Remote teams are the new norm in today’s world, and they could be the key to growing a business fast. A study by Global Workplace Analytics found that remote workers were 35 - 40% more productive when working from home (remote American Express employees produced 43% more than their office based counterpoints). You also get access to an international work pool when you hire remotely, which means more talent for your company (among other benefits). Having a remote team does come with its challenges, but it's nothing you can't handle with the right strategies in place. Here we discuss 3 important tips you can use to manage remote teams globally.
1. Create Structure: Assign Responsibilities and Welcome Employee Input
Predictable structures result in high workplace productivity in remote work environments where employees are most likely to disconnect. It’s important to involve your employees when creating these structures to ensure their success — give employees a chance to decide what kind of structure they work best with, so they feel comfortable working remotely.
Clear structures can come in the form of:
- Clear meeting schedules and rotating times to ensure that no one member is constantly inconvenienced by late or early meetings (depending on time zones)
- Deciding on the most effective meeting structure and cadence to hold meetings so that they are focused and purpose-driven (prepare asynchronously)
- Making employees aware of their own responsibilities, their colleagues’, and how they fit into the process
2. Communication, Regular Check-ins, and Continuous Feedback
Over-communicating is paramount to making sure that your employees understand and achieve the desired outcomes, as it can be easy to get lost in a sea of tasks. Some of the tips for more effective remote communication are:
- Video-conferencing - to encourage face-to-face interactions in addition to the traditional email and messenger apps
- Setting clear communication rules - communication should be concise. For example, if you want a 24-hour deadline, you should be clear as to when the 24 hours start and when they end. Avoid vague terms like “quickly” and “soon” when describing expected outcomes so that employees know which tasks they should prioritize. There should also be clear timeframes for things like answering emails (i.e. 24 hours for internal emails)
- Request feedback - Giving and receiving clear and regular feedback ensures that employees perform tasks as per the set expectations. Effective feedback should be positive and specific.
3. Create Well-Documented Procedures and Processes
It’s important to have well-documented processes in place for your remote workers so that you can ensure everyone is following the same guidelines, and there is a clear guiding point for employees starting a new task. This is where "living" documents (those that you update regularly with the latest information) come into play, so that every documented procedure is constantly updated based on the evolving needs of your business. Make sure your employees know where to find these documents, and allow them to contribute impactful ideas to improve the process.
Some more good practices for effective communication and processes are:
- Defining the best channels to communicate different types of information, for example, Slack channels for different projects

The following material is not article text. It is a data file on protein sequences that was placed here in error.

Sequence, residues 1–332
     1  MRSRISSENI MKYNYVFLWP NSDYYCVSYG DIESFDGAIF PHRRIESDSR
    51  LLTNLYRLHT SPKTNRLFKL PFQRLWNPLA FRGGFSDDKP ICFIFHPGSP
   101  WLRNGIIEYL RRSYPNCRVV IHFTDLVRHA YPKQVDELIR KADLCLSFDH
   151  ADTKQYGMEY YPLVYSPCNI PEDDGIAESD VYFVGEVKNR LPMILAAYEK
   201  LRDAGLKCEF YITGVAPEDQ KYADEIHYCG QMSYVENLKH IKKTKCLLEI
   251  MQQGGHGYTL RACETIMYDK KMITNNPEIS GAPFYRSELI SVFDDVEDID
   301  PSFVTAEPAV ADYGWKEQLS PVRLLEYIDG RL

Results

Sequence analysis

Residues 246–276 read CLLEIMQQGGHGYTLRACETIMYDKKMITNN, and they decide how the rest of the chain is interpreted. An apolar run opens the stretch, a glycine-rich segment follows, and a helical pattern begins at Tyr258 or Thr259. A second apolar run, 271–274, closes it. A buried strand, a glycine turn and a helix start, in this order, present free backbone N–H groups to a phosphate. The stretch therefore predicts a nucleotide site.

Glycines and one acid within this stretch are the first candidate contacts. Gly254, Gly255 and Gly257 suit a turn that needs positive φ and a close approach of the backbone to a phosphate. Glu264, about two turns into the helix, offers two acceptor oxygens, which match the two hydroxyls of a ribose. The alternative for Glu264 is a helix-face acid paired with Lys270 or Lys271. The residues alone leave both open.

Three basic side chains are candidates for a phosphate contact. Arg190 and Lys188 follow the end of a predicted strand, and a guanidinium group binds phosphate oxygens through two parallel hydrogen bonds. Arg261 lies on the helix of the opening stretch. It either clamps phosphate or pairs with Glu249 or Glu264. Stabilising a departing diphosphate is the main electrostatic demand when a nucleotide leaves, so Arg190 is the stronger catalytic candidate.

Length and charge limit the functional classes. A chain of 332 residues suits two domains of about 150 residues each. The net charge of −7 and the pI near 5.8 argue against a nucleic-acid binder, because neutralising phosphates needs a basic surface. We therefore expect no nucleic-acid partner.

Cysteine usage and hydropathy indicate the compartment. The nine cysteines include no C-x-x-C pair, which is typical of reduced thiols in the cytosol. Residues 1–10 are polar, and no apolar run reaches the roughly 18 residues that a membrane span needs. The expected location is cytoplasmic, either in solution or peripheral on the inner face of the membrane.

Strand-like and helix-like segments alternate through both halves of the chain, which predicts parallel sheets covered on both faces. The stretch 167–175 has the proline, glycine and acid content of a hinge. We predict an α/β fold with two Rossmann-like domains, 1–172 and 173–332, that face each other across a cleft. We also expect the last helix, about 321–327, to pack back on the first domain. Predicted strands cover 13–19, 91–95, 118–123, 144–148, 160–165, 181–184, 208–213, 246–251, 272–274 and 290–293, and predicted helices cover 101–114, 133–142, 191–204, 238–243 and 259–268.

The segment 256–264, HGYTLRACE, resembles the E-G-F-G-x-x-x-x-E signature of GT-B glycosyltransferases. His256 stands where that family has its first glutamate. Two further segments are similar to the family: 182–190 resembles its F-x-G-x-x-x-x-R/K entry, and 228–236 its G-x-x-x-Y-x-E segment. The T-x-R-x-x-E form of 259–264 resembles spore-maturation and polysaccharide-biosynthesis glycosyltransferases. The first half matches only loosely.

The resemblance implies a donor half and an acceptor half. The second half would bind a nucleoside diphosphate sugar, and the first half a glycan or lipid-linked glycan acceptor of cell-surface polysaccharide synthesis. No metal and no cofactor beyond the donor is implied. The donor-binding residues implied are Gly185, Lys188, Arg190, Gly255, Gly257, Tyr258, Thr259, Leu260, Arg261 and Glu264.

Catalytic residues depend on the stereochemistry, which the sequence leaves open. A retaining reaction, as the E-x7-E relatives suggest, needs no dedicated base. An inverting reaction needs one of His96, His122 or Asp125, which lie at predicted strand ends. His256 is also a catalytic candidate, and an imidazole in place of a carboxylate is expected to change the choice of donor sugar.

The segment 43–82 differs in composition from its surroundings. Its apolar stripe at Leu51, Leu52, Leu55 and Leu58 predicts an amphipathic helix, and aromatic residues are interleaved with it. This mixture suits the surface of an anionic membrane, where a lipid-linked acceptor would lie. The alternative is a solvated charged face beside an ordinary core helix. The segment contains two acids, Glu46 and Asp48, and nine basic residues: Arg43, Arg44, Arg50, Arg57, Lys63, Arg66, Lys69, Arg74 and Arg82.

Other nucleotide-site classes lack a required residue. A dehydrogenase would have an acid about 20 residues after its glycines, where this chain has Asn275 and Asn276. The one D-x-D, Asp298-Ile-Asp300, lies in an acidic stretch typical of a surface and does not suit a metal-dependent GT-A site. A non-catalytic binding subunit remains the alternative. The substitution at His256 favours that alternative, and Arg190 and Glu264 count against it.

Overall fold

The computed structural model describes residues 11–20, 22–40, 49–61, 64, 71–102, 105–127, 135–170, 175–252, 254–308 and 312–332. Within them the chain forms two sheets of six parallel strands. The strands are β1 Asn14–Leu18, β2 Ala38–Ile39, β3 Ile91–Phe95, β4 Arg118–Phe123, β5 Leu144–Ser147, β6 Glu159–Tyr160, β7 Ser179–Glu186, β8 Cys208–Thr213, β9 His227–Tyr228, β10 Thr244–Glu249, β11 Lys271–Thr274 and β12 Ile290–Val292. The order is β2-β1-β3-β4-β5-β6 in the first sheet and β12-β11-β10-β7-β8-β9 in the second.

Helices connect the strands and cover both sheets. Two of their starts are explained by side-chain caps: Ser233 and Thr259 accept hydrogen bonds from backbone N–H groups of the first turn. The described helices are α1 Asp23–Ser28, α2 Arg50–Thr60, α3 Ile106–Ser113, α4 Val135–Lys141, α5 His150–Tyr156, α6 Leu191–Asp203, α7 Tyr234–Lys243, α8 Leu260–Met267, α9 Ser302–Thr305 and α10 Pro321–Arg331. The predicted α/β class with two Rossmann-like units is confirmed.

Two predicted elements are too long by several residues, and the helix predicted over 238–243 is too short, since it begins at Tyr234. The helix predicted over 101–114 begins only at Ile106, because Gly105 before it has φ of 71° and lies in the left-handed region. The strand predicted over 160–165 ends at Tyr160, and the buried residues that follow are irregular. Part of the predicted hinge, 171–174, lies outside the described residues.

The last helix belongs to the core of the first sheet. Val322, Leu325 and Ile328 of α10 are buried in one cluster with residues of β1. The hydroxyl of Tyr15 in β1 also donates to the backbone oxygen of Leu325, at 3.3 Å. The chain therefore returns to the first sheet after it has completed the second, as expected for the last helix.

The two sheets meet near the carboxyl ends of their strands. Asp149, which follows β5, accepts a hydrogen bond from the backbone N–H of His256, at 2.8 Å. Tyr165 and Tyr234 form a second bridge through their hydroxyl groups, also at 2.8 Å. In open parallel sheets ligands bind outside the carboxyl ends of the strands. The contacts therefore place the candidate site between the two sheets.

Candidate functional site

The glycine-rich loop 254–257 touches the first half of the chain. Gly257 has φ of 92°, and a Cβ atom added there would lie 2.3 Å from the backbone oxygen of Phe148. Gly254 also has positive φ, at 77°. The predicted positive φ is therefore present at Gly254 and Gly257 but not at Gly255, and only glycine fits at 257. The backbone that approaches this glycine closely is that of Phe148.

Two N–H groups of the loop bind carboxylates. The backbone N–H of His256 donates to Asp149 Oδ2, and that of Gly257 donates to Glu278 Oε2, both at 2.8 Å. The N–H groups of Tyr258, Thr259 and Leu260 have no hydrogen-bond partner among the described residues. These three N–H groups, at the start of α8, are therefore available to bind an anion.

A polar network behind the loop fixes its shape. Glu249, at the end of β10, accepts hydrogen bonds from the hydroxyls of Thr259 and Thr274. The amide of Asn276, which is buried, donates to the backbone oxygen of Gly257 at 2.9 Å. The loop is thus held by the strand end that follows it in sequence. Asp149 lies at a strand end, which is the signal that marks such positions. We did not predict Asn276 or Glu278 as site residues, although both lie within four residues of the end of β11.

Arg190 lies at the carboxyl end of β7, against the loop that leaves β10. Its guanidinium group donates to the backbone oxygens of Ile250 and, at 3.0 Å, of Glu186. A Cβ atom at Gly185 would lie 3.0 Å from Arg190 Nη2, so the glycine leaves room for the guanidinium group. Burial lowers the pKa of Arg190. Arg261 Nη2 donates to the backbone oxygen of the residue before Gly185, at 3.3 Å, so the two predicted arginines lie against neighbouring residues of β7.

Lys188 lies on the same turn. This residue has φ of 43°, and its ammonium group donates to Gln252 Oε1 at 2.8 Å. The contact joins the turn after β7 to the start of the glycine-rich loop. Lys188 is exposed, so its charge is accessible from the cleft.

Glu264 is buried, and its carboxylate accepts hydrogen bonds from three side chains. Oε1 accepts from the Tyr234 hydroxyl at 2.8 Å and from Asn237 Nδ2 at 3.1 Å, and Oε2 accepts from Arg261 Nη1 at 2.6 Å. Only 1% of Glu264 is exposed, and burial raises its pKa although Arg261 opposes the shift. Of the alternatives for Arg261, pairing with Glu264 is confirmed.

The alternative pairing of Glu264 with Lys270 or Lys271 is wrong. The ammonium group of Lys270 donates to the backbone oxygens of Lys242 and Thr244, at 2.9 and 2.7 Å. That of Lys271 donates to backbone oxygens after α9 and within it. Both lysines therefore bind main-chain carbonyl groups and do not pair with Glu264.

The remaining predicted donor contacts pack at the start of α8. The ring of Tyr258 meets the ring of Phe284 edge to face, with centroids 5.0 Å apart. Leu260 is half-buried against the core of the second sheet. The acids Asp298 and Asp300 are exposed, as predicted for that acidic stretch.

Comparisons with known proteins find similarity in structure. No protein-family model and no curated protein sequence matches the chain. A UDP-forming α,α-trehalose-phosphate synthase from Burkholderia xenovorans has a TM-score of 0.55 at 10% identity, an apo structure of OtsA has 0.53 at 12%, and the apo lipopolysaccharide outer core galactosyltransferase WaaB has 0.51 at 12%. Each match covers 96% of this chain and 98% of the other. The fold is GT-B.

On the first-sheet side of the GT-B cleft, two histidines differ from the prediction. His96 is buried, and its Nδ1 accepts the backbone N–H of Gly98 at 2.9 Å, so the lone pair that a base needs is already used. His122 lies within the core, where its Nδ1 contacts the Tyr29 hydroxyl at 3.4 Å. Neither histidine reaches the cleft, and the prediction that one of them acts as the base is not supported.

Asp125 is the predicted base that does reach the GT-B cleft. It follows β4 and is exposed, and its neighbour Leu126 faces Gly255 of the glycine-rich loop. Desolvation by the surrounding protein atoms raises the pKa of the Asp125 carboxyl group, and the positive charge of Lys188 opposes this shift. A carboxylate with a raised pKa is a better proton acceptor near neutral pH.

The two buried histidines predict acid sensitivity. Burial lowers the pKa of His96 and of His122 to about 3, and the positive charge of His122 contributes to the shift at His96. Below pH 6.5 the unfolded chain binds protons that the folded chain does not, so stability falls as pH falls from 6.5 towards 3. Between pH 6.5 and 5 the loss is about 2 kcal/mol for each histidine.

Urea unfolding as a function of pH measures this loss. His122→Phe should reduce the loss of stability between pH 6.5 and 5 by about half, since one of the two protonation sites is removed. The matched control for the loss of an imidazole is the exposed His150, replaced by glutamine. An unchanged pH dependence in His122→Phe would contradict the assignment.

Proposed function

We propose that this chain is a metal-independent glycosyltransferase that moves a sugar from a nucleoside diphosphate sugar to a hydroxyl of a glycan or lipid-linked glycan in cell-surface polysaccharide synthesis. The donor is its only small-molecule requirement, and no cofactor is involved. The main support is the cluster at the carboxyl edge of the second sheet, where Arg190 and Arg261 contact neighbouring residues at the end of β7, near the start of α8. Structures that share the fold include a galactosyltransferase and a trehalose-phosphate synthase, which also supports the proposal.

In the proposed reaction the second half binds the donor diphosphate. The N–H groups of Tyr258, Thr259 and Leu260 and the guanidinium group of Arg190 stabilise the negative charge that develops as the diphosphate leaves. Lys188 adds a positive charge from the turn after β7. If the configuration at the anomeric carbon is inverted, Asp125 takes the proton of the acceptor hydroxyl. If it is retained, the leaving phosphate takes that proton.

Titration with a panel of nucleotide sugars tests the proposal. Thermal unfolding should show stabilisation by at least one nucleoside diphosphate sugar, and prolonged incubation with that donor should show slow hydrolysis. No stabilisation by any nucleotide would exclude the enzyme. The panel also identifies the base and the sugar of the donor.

- Establishing a communication style that works for everyone involved, for example, if Slack is getting too noisy you need to find a way to highlight what’s important
- Letting employees know who to reach out to for different types of questions
Bonus: Build An Environment Of Trust
Trust is a major foundation for managing a remote workforce. Building an environment of trust begins with the hiring process and lasts through the employee’s tenure at the company. Research indicates that high-trust companies experience 286% more financial returns than low-trust organizations. You can establish a trust environment by:
a) Having an optimal onboarding process
Keep communication flowing throughout the process so the employee feels cared for before their first day. Establish any requirements beforehand so there is no confusion when the start date comes.
b) Focus on the output
Micromanaging your employee’s workloads shows distrust in your team. It’s better to focus on the final results instead of the time an employee spends on each task (unless you are dealing with tasks that require you to track employee completion time). Focus on defining the output and setting clear deadlines. You can also create task milestones to ensure that nothing lags, and schedule meetings around the milestones to discuss progress and challenges.
c) Providing feedback
When an employee completes a task, evaluate their performance and provide honest and timely feedback. Pinpoint the areas that could use some improvement, while highlighting their strengths, so that employees can become more confident about their work.
Manage Remote Teams Like a Pro
Hiring people you trust is the first step to hiring a remote team that you can easily manage. Focus on creating and documenting processes for better productivity, while also defining your communication channels and styles so that it is clear and timely. It’s okay to let your employee manage their time while focusing on the final output instead of micromanaging every task (it saves you both time in the long run!).
The rise in global remote work is an opportunity for you to hire great talent from all over the globe. You can hire and manage employees across different time zones and countries with an Employer of Record (EOR) like Remofirst. Request a demo today and start hiring tomorrow!